In addition to the READY bit vector, there is a bit vector named TOKEN. The TOKEN vector is the same size as the READY vector. The previous example, where READY=01011010, can be used to explain how the bits in the TOKEN vector are derived. In this case, TOKEN=11111000, where: all the bits to the left of and including the underlined bit position are set to ‘1’, and all the other bits to the right of the underlined bit are set to ‘0’. Thus, for the case where READY=01010000, TOKEN will be 11111110. And finally, for READY=01010000 TOKEN is 11111111. Also, as a side note, TOKEN=00000000 is equivalent to TOKEN=11111111. Finally, each bit in the READY bit vector is referred to as a “READY bit”, and in the TOKEN bit vector as a “TOKEN bit”.
Each port in the input/output switch is identifiable by an 8-bit number called the PORT_NUMBER. There are 128 ports altogether, numbered 1 to 128, and are represented by the 8-bit PORT_NUMBER. The READY bit and TOKEN bit corresponding to the port PORT_NUMBER are appended to the LHS of PORT_NUMBER to form a 10-bit packet. At the start of port selection, 128 different packets corresponding to each port are applied to the corresponding links associated with the leaves of the binary tree as shown in FIG. 8. Each node in the binary tree has two incoming links and one outgoing link as shown in FIG. 6. The input links and the output link are labeled RIGHT, LEFT and PARENT links respectively. The packets applied to the leaves, traverse through the tree and one of them eventually propagates through the PARENT link of the root node. This packet contains the PORT_NUMBER of the newly selected port.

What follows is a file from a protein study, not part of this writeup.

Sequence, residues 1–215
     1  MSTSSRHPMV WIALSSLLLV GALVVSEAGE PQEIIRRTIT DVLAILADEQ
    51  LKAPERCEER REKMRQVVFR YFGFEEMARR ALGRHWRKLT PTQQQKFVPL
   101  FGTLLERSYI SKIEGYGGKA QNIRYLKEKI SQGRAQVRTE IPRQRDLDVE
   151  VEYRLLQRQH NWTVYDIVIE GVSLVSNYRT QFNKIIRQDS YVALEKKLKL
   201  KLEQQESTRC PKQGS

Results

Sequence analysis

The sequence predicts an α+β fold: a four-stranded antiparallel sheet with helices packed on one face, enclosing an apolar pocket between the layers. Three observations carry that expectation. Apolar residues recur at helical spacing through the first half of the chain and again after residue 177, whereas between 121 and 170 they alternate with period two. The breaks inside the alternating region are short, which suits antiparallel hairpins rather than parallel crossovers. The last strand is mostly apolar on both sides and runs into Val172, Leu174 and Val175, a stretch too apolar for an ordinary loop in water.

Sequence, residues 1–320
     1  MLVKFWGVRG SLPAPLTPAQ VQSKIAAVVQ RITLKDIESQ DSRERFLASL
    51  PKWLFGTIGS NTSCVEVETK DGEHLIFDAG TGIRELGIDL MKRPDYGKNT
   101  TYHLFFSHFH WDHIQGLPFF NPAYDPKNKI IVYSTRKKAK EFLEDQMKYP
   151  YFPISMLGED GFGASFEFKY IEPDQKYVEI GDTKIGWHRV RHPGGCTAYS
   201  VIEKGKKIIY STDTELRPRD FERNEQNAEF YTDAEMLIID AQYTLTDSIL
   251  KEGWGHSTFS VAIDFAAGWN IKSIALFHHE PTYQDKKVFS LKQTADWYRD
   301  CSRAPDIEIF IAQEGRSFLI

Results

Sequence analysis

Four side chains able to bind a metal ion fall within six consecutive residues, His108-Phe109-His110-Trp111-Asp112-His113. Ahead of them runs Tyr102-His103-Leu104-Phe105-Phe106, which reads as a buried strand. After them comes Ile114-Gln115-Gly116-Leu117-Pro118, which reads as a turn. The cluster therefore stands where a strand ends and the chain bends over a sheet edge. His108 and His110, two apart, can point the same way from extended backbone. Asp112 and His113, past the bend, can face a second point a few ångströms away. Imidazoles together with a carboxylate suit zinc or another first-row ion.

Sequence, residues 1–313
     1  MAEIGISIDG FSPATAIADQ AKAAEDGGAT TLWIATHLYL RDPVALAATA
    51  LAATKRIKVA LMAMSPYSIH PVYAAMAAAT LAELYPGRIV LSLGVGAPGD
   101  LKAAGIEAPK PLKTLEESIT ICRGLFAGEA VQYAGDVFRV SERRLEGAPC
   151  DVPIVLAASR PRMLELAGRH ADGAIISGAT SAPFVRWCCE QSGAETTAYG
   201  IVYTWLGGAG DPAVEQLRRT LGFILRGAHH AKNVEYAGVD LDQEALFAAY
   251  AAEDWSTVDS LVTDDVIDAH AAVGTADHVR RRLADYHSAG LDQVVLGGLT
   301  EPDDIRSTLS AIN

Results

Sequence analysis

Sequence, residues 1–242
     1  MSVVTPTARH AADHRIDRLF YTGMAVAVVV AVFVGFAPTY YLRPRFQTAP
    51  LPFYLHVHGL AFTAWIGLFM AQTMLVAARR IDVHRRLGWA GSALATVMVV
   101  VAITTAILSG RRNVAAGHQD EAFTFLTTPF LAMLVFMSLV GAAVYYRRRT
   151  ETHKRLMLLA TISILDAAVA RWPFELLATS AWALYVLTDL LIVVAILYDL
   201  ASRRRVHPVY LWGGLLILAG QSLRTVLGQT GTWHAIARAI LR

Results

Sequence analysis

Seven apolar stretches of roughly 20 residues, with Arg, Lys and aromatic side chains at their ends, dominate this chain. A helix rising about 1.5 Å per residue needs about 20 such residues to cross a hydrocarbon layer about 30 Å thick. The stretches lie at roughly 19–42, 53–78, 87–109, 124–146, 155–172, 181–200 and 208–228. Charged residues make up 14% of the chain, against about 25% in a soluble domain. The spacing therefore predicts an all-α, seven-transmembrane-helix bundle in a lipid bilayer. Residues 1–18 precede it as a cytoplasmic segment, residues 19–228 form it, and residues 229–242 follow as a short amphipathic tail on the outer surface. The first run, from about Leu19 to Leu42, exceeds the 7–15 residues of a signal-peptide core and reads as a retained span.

As the packets are routed up the tree, the tree is effectively performing a fast implementation of the scanning algorithm that was described earlier. Each node in the tree accepts packets on its LEFT and RIGHT links, performs comparisons on bits 8 and 9 on the fly, and routes the appropriate packet up through its PARENT link. The routing of packets up the tree is done in a cut-through manner, i.e. there is no buffering at the nodes. In addition, the processing at the nodes is very simple, thus making the implementation very simple and fast.